CROTON TIGLIUM

Last modified on January 5th, 2019

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Homeopathic remedy Croton Tiglium from A Manual of Homeopathic Therapeutics by Edwin A. Neatby, comprising the characteristic symptoms of homeopathic remedies from clinical indications, published in 1927.

      Croton tiglium. Croton oil seeds. N.O. Euphorbiaceae. Tincture of the seeds.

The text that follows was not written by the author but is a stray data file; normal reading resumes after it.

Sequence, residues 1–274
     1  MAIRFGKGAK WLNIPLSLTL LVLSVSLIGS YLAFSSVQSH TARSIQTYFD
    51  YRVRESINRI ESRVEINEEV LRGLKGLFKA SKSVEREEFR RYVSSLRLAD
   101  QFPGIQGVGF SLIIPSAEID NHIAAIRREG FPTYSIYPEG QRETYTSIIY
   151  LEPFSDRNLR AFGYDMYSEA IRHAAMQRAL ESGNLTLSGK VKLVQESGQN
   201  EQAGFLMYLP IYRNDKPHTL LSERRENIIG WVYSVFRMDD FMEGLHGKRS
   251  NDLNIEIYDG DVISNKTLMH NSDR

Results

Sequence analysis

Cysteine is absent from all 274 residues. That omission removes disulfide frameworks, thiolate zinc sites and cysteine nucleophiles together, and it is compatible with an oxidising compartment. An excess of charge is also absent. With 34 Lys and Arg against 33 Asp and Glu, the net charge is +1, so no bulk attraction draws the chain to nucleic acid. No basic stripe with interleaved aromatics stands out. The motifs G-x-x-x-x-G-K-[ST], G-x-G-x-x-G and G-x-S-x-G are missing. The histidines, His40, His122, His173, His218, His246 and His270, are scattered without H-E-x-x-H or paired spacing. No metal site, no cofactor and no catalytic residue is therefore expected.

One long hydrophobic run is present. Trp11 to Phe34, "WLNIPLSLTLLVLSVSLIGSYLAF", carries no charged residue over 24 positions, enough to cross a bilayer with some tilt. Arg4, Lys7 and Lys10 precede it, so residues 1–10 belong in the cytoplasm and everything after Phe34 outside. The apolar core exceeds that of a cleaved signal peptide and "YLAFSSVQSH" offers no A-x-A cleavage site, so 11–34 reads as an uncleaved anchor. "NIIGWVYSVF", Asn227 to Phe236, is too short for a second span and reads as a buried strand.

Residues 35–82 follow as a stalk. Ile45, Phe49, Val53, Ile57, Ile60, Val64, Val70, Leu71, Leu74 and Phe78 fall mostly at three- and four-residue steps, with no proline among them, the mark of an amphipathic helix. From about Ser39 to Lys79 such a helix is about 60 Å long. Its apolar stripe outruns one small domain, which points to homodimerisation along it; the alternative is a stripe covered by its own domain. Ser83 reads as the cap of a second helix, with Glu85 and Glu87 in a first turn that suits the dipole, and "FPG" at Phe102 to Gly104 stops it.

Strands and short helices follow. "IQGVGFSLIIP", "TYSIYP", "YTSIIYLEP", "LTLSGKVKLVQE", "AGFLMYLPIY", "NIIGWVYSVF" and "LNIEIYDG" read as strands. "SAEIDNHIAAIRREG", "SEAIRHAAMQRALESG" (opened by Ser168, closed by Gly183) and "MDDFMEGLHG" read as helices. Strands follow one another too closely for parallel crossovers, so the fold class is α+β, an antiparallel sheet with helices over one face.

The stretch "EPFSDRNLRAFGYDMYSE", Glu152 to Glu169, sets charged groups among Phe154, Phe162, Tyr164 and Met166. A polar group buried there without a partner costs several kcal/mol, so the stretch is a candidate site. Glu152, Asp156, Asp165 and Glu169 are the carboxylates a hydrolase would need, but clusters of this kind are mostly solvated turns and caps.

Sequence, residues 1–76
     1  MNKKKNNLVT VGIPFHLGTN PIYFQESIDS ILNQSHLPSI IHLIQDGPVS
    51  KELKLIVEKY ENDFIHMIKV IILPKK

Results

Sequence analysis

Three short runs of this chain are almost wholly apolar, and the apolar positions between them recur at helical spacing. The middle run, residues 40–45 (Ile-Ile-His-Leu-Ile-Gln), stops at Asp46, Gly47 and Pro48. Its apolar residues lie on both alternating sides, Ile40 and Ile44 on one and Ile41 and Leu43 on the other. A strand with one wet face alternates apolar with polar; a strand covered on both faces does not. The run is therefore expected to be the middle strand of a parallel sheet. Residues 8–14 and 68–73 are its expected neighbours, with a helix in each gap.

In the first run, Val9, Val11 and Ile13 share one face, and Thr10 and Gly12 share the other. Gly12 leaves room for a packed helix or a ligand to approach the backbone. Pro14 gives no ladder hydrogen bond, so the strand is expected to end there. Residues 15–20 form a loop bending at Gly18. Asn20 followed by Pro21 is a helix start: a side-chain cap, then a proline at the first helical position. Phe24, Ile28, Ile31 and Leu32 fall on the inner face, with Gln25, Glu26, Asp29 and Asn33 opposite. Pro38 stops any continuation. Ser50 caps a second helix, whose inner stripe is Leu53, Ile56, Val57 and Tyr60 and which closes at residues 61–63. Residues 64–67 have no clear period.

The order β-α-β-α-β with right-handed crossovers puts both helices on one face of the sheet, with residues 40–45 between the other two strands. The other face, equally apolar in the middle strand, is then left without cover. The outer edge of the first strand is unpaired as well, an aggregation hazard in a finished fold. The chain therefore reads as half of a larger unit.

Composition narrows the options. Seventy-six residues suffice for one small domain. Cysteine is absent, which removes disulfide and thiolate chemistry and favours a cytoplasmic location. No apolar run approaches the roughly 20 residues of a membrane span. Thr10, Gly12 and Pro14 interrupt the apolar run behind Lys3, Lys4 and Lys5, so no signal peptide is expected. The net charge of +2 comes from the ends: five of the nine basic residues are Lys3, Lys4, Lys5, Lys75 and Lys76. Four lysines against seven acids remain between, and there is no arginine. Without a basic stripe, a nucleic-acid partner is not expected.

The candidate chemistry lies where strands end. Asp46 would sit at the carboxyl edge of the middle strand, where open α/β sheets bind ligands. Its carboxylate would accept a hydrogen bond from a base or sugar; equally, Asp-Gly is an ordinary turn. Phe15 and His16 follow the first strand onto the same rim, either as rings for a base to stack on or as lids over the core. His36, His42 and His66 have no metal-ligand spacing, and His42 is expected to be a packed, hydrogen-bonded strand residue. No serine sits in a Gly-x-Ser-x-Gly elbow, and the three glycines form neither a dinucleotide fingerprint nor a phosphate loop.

PATHOGENESIS.

      THE seeds of croton tiglium contain an inactive oil and a resinous anhydride called crotin, which is the active principal, and is a toxin resembling ricin and abrin but is less poisonous.

The provings were made by chewing the bean, swallowing the seeds, taking the oil by the mouth and by olfaction of the oil. The results were similar in all cases, except that those obtained from olfaction were much slighter and those obtained from inunction exhibited skin symptoms more markedly. They show that the force of the drug is expended on the alimentary canal and the skin.